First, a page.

Mega tourism project on North Drowned Caye: Causeway concern is a major sticking issue!
Friday, 15 December 2006
The Reporter Belize
By Angel Novelo - Staff Reporter
Public consultation at the Princess.
The multimillion dollar tourism project on North Drowned Caye and Stake Bank Caye, which include the construction of a causeway from Belize City to North Drowned Caye, was the subject of a much heated debate this week, particularly over the proposed causeway.
Belizean developer Michael Feinstein has proposed to construct at least three five star hotels, a casino and marina and residential condos on the two islands, but he wants to also construct a four mile causeway that would connect North Drowned Caye with Belize City.
The U.S. $250 million development plan, dubbed the Ocean View Grand Development, also calls for the construction of another causeway that would link the two islands.
Late last month Feinstein began promoting his dream destination through two minute television spots, which feature an artist’s impression of what the Drowned Caye development would look like.
In October Feinstein presented an Environmental Impact Assessment (EIA) study on the North Drowned Caye development to the Department of the Environment (DOE).
In it he gave a brief report on the causeway construction and its impact on the environment.
He told this newspaper that the causeway is a critical component of the proposed development and if he is unable to get approval to construct the causeway, it is likely that his company, Stake Bank Enterprises Limited, would abandon the project.
Engineering experts from the Feinstein team met with some fifty concerned citizens at the Princess Hotel Monday night to discuss the project as part of a public consultation process for the approval of the EIA study on North Drowned Caye.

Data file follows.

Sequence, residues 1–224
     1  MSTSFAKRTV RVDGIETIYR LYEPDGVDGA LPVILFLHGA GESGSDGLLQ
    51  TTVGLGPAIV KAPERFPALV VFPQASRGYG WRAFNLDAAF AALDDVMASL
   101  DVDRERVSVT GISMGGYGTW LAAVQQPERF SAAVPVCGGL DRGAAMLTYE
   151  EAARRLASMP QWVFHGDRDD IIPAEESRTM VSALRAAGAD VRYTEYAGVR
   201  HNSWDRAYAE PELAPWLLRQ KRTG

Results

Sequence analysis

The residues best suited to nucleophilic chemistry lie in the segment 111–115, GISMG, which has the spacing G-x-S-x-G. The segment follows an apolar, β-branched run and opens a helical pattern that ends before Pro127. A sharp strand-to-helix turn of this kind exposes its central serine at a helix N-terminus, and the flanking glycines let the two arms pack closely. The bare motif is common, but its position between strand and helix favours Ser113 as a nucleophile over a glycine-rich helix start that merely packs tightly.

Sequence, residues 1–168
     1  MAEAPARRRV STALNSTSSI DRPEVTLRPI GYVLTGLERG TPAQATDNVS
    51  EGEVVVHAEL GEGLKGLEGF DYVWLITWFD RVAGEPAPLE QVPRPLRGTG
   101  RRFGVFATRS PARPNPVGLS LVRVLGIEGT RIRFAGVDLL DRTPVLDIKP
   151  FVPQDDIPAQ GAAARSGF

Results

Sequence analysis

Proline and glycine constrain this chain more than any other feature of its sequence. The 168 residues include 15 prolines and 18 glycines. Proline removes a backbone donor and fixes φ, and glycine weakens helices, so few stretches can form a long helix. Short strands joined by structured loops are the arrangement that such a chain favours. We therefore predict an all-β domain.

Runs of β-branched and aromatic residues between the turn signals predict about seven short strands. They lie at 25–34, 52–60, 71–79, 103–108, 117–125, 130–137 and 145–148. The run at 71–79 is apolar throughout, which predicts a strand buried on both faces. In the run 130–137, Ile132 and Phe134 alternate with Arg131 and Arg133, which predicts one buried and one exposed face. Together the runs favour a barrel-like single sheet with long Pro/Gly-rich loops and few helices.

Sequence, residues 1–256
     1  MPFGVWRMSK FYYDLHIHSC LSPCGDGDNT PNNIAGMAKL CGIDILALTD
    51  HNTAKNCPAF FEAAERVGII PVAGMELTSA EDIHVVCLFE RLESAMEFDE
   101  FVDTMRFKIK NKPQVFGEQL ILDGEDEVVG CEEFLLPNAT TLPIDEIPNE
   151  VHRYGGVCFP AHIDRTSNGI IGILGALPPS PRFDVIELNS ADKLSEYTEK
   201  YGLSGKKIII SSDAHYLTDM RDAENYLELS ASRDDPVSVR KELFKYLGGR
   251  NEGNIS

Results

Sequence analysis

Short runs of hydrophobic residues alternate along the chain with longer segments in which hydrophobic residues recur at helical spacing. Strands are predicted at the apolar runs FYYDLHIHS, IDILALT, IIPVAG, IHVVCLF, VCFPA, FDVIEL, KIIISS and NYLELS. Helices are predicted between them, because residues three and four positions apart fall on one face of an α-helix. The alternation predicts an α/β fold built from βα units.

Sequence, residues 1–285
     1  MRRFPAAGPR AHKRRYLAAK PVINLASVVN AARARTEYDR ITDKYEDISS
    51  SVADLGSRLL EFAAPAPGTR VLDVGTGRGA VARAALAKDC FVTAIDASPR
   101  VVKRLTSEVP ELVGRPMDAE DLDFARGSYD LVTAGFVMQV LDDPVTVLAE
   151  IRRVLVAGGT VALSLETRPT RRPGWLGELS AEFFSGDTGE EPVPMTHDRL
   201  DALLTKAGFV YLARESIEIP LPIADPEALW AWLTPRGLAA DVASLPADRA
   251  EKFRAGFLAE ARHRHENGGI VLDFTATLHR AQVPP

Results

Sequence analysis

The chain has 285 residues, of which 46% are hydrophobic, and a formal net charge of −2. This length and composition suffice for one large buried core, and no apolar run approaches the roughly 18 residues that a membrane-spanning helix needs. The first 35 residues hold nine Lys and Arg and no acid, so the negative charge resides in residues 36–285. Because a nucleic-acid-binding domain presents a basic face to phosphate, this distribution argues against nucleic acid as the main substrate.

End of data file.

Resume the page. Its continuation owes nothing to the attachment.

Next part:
Those attending Monday night’s public hearing were asking for more information about the causeway.
They also expressed concern about the North Drowned Caye development, especially as it relates to the mangrove in that area.
The mangrove islands form an important buffer zone protecting Belize City from storms and also from ocean surges.
Acting Chief Environmental Officer, Martin Alegria, in an interview with Reporter this week, said not much vital information has been provided about the proposed causeway, which is of major concern to the department.
The department, he said, wants an in-depth geological data study to be conducted on the sea bed to determine if it would be able to withstand such huge structures as contemplated in the development plan.
There is also concern about the height of the causeway, which according to the EIA study, will range from 9 feet to 30 feet above sea level in some areas to allow for bigger vessels to pass.
Feinstein plans to construct the two-lane causeway from the Marine Parade Boulevard on north side Belize City.
It will include a pedestrian walkway.
The North Drowned Caye development, which will involve 515 acres of land, calls for the construction of a 260-room hotel, a casino, a marina and residential units among other amenities.
According to the EIA study, an ocean beach estate on Drowned Caye will take up 95 acres of the island while a marina village will take up 26 acres.
The size of the casino and its conference room is estimated to be 25,000 square feet.
The project concept is for the development of a quiet, isolated community.
The Stake Bank development has already been given export processing zone status, meaning that locals will not be allowed to go on Stake Bank Caye.
Plans call for the construction of a major marina that will be able to dock as many as four cruise ships at any one given time.
Cruiseship passengers will be able to commute to Belize City and places beyond, using the causeways.
Feinstein says the development will bring employment for Belizeans and should boost Belize’s economy.
He is hoping that the project will be completed in two years, once government gives the green light.
Environmentalists have complained however, that some destruction of the mangrove defences on North Drowned Caye has already begun, even without an environmental impact assessment.